1:45 PM - 2:00 PM
[AAS02-01] Large Eddy Simulation of Entire Tropical Cyclone
Keywords:Tropical Cyclone, Large Eddy Simulation, Supercomputer, Turbulence, Regional Weather Prediction Model
Taking advantage of the huge computational power of a massive parallel supercomputer (K-supercomputer, AICS, RIKEN), LES of entire tropical cyclones is realized. A regional numerical weather predicition model used in this study is Japan Meteorological Agency’s Non-Hydrostatic Model (JMA-NHM). The computational domain covers 2000 km by 2000 km in the horizontal and 23 km in the vertical directions, and horizontal boundary conditions are doubly cyclic. The grid number is 20000 by 20000 in the horizontal directions, and 60 in the vertical direction where grid spacing increases with increasing height. Before starting the LES, a preliminary run with JMA-NHM with dx=2km is made. In this preliminary run, a tropical cyclone develops from a weak initial vortex to a mature stage after 120 hours integration. The grid point values of this mature stage are interpolated to prepare the initial condition for the LES. The time integration of the LES is then performed for 10 hours.
Figure exhibits the cloud amount (mixing ration of hydrometers) of a reproduced tropical cyclone in the LES. The wall cloud around the eye consist of a number of cumulus clouds. Although the fine scale structures are resolved in the LES, the maximum of the near-surface wind changes little from that simulated based on coarse-resolution runs. The boundary layer height is smaller in the LES, and this may shrink the radius of the maximum wind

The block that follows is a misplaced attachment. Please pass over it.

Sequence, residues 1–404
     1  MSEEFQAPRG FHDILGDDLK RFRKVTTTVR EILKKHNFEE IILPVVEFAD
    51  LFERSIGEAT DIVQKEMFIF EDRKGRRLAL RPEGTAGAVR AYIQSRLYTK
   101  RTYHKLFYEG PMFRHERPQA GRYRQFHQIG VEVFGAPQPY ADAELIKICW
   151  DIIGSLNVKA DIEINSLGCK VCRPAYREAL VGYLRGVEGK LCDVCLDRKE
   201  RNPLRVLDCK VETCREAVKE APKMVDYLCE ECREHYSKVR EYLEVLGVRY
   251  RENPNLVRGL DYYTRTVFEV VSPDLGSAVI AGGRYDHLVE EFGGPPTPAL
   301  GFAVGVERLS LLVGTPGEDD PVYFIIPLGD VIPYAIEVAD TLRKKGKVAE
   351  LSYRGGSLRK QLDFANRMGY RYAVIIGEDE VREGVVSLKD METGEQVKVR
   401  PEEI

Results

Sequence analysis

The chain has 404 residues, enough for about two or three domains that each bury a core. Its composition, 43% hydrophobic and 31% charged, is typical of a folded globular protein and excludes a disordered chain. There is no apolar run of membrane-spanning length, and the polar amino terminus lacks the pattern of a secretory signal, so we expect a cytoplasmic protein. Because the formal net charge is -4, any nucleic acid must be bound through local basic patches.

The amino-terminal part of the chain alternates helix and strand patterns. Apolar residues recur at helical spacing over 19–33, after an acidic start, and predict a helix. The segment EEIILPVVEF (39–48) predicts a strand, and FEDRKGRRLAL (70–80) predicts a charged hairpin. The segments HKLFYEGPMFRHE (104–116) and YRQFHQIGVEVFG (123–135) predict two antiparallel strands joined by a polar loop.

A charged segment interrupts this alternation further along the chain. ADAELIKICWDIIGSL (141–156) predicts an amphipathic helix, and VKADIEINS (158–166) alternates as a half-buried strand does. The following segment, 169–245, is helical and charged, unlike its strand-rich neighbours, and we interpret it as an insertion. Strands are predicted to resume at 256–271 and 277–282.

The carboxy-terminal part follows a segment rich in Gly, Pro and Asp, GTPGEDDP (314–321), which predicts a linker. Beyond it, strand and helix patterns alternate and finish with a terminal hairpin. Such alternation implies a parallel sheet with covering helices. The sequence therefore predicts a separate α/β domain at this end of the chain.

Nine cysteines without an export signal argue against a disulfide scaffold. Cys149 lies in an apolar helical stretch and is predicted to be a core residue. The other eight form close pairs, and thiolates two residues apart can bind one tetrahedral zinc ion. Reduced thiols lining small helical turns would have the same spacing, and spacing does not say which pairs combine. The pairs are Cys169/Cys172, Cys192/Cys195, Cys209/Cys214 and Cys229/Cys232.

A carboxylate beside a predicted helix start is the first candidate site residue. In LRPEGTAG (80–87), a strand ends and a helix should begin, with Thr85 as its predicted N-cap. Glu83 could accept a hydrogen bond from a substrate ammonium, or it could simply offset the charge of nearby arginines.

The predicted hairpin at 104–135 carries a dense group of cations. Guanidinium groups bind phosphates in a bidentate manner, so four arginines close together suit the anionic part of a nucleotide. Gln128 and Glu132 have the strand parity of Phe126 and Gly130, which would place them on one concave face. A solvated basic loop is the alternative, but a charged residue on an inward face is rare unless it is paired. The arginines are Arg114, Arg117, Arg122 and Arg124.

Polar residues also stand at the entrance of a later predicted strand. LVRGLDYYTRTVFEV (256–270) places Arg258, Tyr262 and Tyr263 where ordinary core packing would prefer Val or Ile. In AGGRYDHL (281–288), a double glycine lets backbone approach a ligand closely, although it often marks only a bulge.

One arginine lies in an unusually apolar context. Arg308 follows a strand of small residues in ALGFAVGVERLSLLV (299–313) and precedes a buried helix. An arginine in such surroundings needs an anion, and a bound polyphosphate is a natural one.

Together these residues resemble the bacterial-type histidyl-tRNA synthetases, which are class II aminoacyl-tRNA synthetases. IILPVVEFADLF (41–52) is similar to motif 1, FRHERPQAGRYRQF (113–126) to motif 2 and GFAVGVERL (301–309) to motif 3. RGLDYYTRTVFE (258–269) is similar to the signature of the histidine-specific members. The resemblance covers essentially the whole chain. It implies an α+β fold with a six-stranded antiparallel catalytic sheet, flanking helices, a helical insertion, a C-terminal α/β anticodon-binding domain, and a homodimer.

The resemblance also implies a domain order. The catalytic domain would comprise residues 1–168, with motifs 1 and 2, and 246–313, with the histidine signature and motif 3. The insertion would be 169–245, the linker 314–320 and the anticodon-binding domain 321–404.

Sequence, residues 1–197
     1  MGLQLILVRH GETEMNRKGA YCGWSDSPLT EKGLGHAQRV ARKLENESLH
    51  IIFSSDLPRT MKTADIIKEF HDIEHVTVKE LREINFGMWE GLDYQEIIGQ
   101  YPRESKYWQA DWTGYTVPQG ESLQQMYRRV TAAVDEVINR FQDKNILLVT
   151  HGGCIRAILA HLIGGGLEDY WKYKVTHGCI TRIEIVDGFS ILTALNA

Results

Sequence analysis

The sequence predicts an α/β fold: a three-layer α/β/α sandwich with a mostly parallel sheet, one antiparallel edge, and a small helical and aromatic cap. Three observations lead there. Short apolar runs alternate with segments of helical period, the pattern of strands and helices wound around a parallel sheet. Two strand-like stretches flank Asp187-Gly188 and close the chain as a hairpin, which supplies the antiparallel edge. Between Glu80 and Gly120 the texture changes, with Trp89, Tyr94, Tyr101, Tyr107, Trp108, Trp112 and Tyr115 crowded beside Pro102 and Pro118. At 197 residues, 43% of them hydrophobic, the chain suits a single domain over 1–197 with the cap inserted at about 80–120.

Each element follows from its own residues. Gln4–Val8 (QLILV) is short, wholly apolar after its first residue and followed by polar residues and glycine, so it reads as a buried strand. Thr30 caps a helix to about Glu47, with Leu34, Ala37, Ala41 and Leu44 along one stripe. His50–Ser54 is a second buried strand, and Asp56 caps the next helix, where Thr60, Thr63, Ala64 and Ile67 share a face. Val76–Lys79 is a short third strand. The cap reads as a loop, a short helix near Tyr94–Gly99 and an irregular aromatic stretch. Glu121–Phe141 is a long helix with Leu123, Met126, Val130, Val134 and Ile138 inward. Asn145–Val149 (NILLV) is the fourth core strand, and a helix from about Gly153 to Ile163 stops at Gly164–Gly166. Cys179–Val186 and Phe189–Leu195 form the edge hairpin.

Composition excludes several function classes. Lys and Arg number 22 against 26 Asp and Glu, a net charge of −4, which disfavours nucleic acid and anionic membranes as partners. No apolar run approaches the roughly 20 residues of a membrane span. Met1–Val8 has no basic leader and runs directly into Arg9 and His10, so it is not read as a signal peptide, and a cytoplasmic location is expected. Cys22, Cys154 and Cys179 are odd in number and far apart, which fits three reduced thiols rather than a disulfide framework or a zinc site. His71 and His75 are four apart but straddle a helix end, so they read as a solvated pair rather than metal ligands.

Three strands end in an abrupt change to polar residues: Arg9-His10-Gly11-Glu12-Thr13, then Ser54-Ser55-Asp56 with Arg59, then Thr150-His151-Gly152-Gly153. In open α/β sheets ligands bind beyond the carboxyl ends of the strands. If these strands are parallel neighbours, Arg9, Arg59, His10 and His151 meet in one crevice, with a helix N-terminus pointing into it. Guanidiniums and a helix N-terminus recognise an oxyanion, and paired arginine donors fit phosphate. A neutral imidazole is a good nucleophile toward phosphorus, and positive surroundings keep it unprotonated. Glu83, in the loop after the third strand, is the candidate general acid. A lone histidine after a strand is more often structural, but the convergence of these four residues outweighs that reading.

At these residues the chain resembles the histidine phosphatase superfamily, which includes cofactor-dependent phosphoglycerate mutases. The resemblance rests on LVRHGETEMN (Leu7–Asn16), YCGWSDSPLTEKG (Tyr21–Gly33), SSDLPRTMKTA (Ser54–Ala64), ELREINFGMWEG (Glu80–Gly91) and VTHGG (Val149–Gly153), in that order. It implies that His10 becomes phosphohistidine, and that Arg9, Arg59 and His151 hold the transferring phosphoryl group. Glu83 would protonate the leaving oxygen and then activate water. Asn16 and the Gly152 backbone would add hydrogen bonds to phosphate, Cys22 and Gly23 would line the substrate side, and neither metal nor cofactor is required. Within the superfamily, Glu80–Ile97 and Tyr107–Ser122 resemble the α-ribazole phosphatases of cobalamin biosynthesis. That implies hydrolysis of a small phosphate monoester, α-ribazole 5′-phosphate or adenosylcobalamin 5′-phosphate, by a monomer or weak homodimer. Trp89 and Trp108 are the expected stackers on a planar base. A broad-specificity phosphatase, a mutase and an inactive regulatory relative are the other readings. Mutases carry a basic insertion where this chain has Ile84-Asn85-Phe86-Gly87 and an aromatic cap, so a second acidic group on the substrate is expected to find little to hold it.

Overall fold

We explore especially near-surface coherent structures in the TC boundary layer. Three kinds of coherent structures appeared inside the boundary layer: Type-A roll, which is caused by an inflection-point instability of the radial flow and prevails outside the radius of maximum wind. The second is a Type-B roll that also appears to be caused by an inflection-point instability but of both radial and tangential winds. Its roll axis is almost orthogonal to the Type-A roll. The third is a Type-C roll, which occurs inside the radius of maximum wind and only near the surface. It transports horizontal momentum flux in an up-gradient sense and causes the largest gusts.